WebRoot project because we want to evaluate
_NoneWithTargetPaths list that is collected for a module and not for a
WebRoot. So, let's create a new
Helix.Module.targets file and put above code into it.
Helix.targets file, we have to extend
PipelineCollectFilesPhaseDependsOn. We did the same in the previous article to collect content files from helix modules.
CollectTransformFilesToApplyOnPublish add following code:
<MSBuild Projects="@(ProjectReference)" Targets="GetTransformFilesToApplyOnPublish" BuildInParallel="$(BuildInParallel)"
<Output TaskParameter="TargetOutputs" ItemName="TransformFilesToApplyOnPublish" />
This code executes
GetTransformFilesToApplyOnPublish target, that we created earlier, against all referenced projects. It aggregates results from all projects into a single item
You probably noticed
Properties attribute on the
MSBuild task. Inside we set
CustomBeforeMicrosoftCSharpTargets property. It collects paths to all additional files that we want to import into a project before it's executed. Inside, we provided the path to
Helix.Module.targets file we created earlier. This way,
MSBuild is able to execute our custom target from inside module's project.
Now, we have a list of transform files, so now we can update that list with some additional metadata we will use later:
As you can see the list is transformed twice. In the first pass, two metadata are added, and in the second pass, one of the metadata is used to add additional two. The
TransformFile is the full path to the transform file. The
TargetPathToFileToTransform is a relative path to the file that is going to be transformed by the transform file and it can look like this
AppConfig\Security\Domains.config. Next, the
DestinationFileInPublishDir are the paths to the file that is going to be transformed, but the first path is inside temp directory and the second one is inside the published directory.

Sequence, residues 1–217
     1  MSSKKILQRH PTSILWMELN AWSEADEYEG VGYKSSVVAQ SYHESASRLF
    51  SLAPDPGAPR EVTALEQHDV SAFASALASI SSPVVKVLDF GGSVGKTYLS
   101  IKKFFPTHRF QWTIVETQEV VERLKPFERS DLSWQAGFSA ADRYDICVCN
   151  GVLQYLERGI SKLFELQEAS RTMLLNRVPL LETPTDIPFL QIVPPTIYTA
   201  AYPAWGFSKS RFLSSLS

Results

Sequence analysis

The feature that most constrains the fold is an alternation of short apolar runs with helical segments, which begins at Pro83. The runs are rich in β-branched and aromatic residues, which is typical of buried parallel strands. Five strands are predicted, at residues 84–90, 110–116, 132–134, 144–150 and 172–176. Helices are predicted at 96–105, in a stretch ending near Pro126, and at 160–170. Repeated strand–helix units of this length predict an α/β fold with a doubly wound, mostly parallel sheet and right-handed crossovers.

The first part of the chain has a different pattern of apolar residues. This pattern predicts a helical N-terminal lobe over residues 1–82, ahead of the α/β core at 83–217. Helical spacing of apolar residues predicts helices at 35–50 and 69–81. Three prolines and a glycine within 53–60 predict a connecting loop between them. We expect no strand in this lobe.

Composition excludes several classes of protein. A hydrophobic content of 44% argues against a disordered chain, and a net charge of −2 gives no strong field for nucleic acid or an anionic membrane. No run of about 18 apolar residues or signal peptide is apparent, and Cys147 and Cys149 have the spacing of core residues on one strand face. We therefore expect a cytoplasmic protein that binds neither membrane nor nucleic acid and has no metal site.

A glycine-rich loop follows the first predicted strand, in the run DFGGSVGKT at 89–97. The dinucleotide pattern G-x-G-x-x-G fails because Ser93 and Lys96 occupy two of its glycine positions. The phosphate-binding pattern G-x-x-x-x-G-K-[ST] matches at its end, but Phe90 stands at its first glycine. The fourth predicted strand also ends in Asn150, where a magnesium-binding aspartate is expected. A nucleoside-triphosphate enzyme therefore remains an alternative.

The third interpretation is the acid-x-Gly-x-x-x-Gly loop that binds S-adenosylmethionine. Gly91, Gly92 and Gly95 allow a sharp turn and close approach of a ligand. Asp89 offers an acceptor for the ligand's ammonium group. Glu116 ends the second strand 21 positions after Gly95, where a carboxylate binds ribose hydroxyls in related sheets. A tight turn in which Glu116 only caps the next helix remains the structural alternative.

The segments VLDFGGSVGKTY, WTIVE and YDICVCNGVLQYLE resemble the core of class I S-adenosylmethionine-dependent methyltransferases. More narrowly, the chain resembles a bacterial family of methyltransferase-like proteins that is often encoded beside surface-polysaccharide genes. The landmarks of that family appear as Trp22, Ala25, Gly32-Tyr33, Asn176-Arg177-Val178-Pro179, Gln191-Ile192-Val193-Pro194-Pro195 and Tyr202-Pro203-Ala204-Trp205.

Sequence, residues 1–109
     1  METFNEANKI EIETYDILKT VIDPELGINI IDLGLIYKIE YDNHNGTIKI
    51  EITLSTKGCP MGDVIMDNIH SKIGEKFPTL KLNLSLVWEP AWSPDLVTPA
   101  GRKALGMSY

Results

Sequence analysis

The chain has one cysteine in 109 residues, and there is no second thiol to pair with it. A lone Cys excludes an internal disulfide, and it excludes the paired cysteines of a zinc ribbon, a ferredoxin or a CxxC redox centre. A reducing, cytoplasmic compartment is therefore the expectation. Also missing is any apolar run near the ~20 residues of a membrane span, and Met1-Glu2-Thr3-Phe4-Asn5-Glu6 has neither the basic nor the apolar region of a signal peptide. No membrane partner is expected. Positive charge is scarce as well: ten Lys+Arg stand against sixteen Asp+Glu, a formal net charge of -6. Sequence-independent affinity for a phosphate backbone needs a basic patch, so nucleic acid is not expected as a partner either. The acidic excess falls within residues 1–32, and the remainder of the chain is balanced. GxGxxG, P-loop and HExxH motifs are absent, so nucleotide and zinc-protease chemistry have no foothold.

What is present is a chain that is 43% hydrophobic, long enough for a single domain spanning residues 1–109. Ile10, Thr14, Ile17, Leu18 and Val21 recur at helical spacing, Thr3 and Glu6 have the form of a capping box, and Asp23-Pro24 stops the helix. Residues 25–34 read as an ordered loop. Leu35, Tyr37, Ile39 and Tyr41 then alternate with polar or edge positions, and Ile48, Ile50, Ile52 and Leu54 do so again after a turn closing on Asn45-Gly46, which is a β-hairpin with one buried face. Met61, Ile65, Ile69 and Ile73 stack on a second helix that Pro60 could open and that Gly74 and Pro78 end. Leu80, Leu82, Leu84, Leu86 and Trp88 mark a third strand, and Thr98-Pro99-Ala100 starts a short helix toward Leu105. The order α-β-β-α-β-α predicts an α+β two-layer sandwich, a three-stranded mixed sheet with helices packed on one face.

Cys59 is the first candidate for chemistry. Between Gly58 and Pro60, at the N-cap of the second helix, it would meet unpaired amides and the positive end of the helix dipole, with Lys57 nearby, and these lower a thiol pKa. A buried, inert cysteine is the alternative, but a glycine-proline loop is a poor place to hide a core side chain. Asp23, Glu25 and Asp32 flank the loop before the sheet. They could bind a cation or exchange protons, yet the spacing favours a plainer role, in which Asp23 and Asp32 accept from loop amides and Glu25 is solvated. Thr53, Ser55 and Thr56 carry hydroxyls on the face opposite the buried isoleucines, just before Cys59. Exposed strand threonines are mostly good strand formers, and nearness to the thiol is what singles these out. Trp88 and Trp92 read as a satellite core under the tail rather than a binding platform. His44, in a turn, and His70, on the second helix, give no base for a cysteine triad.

The final part of the
CollectTransformFilesToApplyOnPublish is to calculate files that should be copied from a publish directory to a package directory. This is scenario #3A. We have transform files, but we don't have a file we want to transform. The file is present in a publish directory, so we can just copy it to a package directory and apply transforms before we publish it again.
<FilesToCopyFromPublishDirToPackageDir Include="@(TransformFilesToApplyOnPublish -> '%(DestinationFileInPublishDir)')" Condition="Exists('%(DestinationFileInPublishDir)')">
<FilesToCopyFromPublishDirToPackageDir Remove="@(FilesToCopyFromPublishDirToPackageDir)" Condition="@(FilesToCopyFromPublishDirToPackageDir) != '' and @(FilesForPackagingFromProject) != '' and %(DestinationRelativePath) != ''"/>
<FilesForPackagingFromProject Include="@(FilesToCopyFromPublishDirToPackageDir)" Condition=""/>
The code first includes all files that exist in publish directory but then removes a file from that list, if there is already a file in
FilesForPackaginFromProject with the same
DestinationRelativePath. If there is, that means we have that file in solution and it should not be copied form publish directory. At the end, the final list is included in
FilesForPackagingFromProject. It is the same what we did in a previous article where we added all content files form helix modules to the
FilesForPackagingFromProject list. Those files are then copied automatically to the package temporary directory and then published.
Now, we have a list of transform files and all files we want to transform are copied to package temp directory. The last part is to actually apply transformations. This is done by the following target:
<Target Name="ApplyTransformsOnPublish" AfterTargets="ScApplyWebTransforms" DependsOnTargets="CollectTransformFilesToApplyOnPublish">
Condition="Exists('%(TransformFile)') and Exists('%(DestinationFileInPackageDir)')" />
As you can see, the target is set to run after
ScApplyWebTransforms target. So we actually extending SlowCheetah here. Our target also depends on
CollectTransformFilesToApplyOnPublish because we need a list of transform files first. Inside target, we execute only one task:
SlowCheetah.TransformTask. The task is defined in SlowCheetah nuget package, so you have to install it into the
WebRoot project. The
SlowCheetah.TransformTask as a source and destination gets paths to the files that are in package temp directory. After that, the package is published to the publish directory.
How to test it?
In your own copy of Habitat, set
ApplyTransformOnPublish metadata, install SlowCheetah in your
WebRoot project, create
Helix.Module.targets file and upate
Helix.targets and then do the publish.
I committed all above changes into this commit in my Habitat fork.